Tidying the welding in the suspension turret
Tidying the welding in the suspension turret

This approach works pretty well on the underside. I’ve left the weld line slightly high so as not to impair the strength of the join. This will be covered with etching primer, paint, topcoat and stone chip so the raised weld line won’t be noticeable.

Welding in the suspension turret panel is now complete.
Welding in the suspension turret panel is now complete.

The top side is a little trickier. The enclosed area in the scuttle makes it impossible to get a grinder in. In the end, I finish tidying the weld line with a finger sander with great success. While relatively slow going, the 12mm width of the finger sander makes it fantastic for getting into the tightest areas.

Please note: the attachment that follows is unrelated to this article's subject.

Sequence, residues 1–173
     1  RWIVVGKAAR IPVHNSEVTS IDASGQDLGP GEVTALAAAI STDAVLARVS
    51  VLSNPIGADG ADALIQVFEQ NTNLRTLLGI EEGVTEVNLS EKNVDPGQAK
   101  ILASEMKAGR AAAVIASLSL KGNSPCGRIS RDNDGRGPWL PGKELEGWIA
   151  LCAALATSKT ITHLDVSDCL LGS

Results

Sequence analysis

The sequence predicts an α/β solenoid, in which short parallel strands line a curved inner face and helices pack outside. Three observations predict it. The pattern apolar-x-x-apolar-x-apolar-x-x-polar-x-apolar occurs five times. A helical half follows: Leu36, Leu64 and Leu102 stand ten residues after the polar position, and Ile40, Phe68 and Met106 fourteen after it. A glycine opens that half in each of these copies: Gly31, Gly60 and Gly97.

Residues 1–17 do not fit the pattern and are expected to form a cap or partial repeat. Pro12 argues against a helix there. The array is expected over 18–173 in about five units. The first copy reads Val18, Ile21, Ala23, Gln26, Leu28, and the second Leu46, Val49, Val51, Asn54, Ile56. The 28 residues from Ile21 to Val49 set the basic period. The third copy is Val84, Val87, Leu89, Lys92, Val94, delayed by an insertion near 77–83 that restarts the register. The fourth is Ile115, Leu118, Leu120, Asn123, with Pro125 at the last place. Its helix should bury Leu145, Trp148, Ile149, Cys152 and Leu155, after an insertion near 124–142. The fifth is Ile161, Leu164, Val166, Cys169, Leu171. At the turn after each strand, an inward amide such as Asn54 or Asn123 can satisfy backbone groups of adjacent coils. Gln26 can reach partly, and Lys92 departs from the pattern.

What’s next in the weldathon?

With the suspension turret welding complete, the next step will be to repair the hole in the firewall. The body cut will help here, offering a template for the missing piece of the panel. This, coupled with a bit of Cardboard Aided Design (CAD), should let me make up a pretty much perfect repair piece for the hole. There is a bit more rust to tackle in the scuttle too.

Perhaps not surprisingly, the return of XPO to the road is starting to fall behind schedule, but perhaps that’s no bad thing. No one wants to buy a car in the winter. The spring will be a much better time!

M